When Fibromyalgia Painkillers Stop Working
It’s not uncommon for the effects of fibromyalgia pain medications to wane over time. But what can you do about it? Here are seven different treatment options to explore.
If you are one of the approximately five million Americans with fibromyalgia, you know that pain can be severe, unpredictable, and exhausting. It can be constant for a period of time and then get better for a while — but it tends to just keep coming back.
Additionally, a painkiller that worked before may stop working, and what works for some symptoms may not work for others. Pain management needs to be constantly adjusted and may require a team of specialists who are familiar with fibromyalgia.
Common pain symptoms of fibromyalgia include stabbing, burning, shooting, or throbbing pain in any area of the body. Pain is usually worse in the morning. People with fibromyalgia may have tender areas on their neck, shoulders, back, or legs that are painful when touched.
And fibromyalgia pain can become even worse with physical or emotional stress. Common stressors that may make your fibromyalgia pain worse include a traumatic event, such as a car accident, repetitive physical traumas, or a physical illness.
Getting this pain under control is not easy. But it is possible.
“Pain medications for fibromyalgia tend to wane and lose their effectiveness over time,” explains Micha Abeles, MD, a rheumatologist at the University of Connecticut Health Center in Farmington. “It is often necessary to wean a patient off one medication and add new medications over time. If pain medication is not working, it is [also] necessary to evaluate the patient to identify any psychosocial events that could be acting as stressors and making their pain worse.”
Switching to a new fibromyalgia pain medication is easier if you taper one medicine gradually before starting a new one. Always follow your doctor’s directions carefully and never stop a medication on your own.
7 Treatment Options for Fibromyalgia
Important options for treating fibromyalgia include finding the right pain medication, getting the proper psychological support, trying complementary therapies, and finding the right treatment team. If your fibromyalgia treatment is not working, ask your doctor to help you explore these options:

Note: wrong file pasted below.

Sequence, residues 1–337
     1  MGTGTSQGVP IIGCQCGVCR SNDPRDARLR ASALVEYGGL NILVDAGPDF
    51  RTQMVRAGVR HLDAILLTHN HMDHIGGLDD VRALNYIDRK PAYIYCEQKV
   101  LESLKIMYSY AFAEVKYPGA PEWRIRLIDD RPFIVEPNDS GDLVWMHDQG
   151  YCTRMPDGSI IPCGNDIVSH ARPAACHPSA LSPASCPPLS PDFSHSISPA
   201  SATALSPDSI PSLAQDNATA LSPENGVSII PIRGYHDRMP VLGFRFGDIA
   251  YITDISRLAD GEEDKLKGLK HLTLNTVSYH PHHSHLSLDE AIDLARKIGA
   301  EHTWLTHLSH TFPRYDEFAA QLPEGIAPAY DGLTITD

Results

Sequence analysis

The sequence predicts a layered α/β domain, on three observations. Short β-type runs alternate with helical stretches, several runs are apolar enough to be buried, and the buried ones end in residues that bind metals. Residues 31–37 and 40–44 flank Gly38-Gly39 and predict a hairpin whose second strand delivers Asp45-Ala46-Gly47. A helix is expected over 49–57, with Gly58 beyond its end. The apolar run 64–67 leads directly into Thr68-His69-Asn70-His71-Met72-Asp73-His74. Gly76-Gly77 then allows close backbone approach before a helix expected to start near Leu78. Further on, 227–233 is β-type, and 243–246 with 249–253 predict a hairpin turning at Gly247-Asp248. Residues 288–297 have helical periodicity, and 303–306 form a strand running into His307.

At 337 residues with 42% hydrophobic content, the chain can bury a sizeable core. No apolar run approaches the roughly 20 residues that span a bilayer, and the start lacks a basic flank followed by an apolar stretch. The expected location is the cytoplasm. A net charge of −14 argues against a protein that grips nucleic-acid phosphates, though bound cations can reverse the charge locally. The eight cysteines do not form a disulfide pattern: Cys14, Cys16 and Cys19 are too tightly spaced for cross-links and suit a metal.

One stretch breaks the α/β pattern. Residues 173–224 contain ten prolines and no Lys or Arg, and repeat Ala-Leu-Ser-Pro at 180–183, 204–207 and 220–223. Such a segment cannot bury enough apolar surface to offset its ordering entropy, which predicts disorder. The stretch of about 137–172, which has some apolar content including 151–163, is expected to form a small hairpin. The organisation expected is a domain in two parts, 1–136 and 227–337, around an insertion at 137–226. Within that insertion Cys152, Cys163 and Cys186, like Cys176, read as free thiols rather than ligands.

- Pain medications. There are a number of medications now approved for fibromyalgia pain, including pregabalin (Lyrica), duloxetine (Cymbalta), and milnacipran (Savella). The narcotic-like painkiller tramadol (Ultram) has also been effective for fibromyalgia. “Switching between medications may be necessary and can be made easier with samples or vouchers to decrease the financial cost for the patient,” advises Dr. Abeles.
- Antidepressant medications. Tricyclic antidepressants and selective serotonin reuptake inhibitor antidepressants are frequently used for fibromyalgia and have been successful in controlling symptoms of pain, sleep disturbances, fatigue, and depression.
- Sleep management. People with fibromyalgia often have trouble getting enough sleep — and lack of sleep can make fibromyalgia symptoms worse. Make sure you avoid caffeine and stick to a strict sleep schedule. Ask your doctor if a sleep aid medication might help.
- Social and psychological support. The stress of living with a chronic painful disease like fibromyalgia can make your symptoms worse. Research shows that increasing social support reduces fibromyalgia symptoms, such as pain. You may benefit from a fibromyalgia support group. Professional counseling to help you develop coping skills and better manage your symptoms has also been shown to be helpful.
- Exercise. Exercise is an important part of feeling better if you have fibromyalgia. Studies show that exercise can help you improve your fitness level, feel better about yourself, and reduce the number of painful pressure points in fibromyalgia.
- Acupuncture. One survey found that about 20 percent of people diagnosed with fibromyalgia and treated at a university-based clinic tried acupuncture within a two-year period. Some studies have found that acupuncture can help relieve fibromyalgia pain, but other reports say the effects are not long-lasting and the treatment doesn’t help with the fatigue or sleep problems common with fibromyalgia.
- Other alternative treatments. Although there’s no strong evidence for most alternative treatments for fibromyalgia, many people who have tried these alternative approaches report significant improvement in their symptoms. These treatments include therapeutic message, yoga, biofeedback, hypnosis, chiropractic manipulation, and nutritional supplements. Always let your medical team know about any alternative treatments you’re contemplating.
If you are being treated for fibromyalgia and your pain medications are not as effective as in the past, you have options. Remember that it is common for people with fibromyalgia to try different types of medications and other management strategies. It is also important to make sure you have a sympathetic, knowledgeable team of experts to help you manage your fibromyalgia symptoms.
Fibromyalgia is an unpredictable disease that requires a flexible treatment plan. One of the best things you can do is to educate yourself about fibromyalgia so that you can work closely with your treatment team and be a good advocate for yourself.